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The price of gold has risen to 17-year highs lately, conjuring giddy dreams among the bunker-and-canned-beans crowd that Armageddon is just around the corner.

Yet among most investors, the ascent of gold to levels not seen since the Reagan administration has been a big yawn. The ore is widely considered an artifact of another era, a crock at the end of their grandpa's rainbow. Let's just say that the radio talk shows aren't exactly lit up with angry callers calling for a tax on the windfall profits of gold miners.

If gold goes much higher, though, it's going to start making the nightly news, and maybe even the cover of a news magazine. Then it will begin to dawn on equity investors that something really important is happening, and that it might just be worth the effort to branch out from the straightforward earnings-and-economics world of stocks and into the supply-and-monetary-policy world of precious-metals trading.

By the time most arrive, it will be time for gold to reverse, of course, by as much as 15%, in step with higher U.S. interest rates and the dollar. Over the next 12 to 36 months, though, after the Federal Reserve is done raising rates, it could go much, much higher. With so much rootless capital roaming the world in search of the next big trade, in fact, it wouldn't take much of a spark of love from the world's new legion of momentum-oriented hedge funds to push this thinly traded market to levels well beyond the $800 bogey of the early '80s if inflation, sentiment and consumer demand harmonize.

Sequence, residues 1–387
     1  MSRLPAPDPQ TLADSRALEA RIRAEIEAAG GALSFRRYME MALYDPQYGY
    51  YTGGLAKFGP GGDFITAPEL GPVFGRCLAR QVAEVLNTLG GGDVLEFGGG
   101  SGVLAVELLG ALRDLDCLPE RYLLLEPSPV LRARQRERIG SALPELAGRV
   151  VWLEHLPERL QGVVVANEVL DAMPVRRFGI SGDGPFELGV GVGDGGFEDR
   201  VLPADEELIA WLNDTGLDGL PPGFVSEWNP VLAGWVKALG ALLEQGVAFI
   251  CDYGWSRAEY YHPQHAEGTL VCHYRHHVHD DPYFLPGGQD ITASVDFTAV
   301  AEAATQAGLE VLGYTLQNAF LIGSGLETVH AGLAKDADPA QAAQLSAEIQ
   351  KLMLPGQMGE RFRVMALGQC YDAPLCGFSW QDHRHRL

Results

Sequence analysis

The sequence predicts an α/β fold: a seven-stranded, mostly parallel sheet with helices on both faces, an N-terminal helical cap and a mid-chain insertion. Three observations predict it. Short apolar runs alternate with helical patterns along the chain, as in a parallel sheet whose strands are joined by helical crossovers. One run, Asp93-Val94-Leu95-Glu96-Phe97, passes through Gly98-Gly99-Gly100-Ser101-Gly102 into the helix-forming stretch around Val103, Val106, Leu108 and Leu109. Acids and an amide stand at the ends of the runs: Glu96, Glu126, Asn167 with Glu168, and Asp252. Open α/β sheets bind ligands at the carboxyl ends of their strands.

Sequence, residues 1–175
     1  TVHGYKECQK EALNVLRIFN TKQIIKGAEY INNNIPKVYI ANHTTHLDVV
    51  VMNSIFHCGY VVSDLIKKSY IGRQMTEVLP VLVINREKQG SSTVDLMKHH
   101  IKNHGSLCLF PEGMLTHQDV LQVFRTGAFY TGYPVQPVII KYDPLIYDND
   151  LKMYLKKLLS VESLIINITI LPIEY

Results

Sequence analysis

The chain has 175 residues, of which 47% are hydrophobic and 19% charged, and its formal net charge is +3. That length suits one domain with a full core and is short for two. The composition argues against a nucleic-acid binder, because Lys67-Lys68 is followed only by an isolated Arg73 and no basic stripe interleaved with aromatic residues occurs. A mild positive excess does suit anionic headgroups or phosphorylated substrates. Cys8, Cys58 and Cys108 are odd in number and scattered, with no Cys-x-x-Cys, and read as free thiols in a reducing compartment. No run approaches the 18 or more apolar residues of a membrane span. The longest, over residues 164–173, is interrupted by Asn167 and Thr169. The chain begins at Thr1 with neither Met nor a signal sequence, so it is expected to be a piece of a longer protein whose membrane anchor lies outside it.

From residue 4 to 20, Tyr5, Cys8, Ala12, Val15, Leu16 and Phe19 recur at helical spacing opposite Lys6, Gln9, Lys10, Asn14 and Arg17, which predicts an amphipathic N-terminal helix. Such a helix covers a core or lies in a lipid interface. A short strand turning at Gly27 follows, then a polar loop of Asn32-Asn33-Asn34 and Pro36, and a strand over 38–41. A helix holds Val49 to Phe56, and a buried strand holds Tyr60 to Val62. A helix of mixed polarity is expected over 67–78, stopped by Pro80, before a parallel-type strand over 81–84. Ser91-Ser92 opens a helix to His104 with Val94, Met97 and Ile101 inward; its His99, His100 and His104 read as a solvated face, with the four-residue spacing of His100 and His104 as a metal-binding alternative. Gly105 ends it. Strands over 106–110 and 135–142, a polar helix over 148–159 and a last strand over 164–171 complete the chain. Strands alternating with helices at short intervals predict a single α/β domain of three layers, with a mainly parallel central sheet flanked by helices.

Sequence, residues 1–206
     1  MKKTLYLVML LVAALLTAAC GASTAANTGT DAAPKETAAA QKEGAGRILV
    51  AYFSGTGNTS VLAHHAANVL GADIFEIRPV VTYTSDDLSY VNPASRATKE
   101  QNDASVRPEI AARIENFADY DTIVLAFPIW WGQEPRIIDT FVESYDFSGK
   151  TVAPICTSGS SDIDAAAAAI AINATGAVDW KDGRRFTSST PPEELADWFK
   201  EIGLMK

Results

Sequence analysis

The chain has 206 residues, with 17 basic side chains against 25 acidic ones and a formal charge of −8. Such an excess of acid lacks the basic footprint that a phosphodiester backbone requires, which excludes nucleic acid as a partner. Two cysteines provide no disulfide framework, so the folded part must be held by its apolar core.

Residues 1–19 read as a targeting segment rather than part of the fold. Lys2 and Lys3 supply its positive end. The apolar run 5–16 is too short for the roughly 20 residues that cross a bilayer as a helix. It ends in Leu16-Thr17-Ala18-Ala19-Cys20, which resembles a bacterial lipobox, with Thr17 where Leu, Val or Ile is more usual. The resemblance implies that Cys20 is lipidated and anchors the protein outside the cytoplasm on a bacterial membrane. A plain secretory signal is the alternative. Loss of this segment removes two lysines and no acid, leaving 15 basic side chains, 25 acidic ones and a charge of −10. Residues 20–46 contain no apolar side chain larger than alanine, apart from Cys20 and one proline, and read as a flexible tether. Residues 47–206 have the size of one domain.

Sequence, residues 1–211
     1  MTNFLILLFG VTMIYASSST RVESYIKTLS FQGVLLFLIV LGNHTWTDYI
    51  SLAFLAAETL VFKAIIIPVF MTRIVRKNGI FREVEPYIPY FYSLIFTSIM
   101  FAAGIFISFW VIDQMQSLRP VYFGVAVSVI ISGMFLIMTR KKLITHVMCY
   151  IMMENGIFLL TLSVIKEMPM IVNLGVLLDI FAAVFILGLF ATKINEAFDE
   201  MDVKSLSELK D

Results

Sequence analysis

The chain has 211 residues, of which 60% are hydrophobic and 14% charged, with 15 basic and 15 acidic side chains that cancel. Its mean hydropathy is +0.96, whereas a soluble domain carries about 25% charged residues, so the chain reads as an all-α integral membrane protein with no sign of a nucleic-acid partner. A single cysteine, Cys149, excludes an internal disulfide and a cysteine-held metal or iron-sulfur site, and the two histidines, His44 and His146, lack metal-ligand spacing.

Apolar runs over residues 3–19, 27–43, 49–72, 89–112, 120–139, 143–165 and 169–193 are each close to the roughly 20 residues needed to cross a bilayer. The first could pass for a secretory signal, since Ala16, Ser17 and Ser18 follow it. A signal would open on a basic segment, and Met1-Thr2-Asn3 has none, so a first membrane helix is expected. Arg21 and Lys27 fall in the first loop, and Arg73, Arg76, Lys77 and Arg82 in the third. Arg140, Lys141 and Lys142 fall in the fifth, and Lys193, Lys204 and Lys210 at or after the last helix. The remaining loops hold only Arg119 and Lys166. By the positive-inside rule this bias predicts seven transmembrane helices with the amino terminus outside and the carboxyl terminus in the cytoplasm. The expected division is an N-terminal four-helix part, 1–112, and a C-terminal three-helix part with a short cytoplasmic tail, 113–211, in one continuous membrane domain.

In Gold We (Sometimes) Trust

Gold is as much about investors' state of mind as it is about the status of mines. It is a set of beliefs and a world-view as much as it is a shiny, malleable metal to wear around your neck, or pound into coins or stow away in a safe-deposit box. When the stock market and real estate are performing well, gold seems too abstract to bother with. It is only when sentiment for equities and the dollar turns more bearish that precious metals begin to shine.

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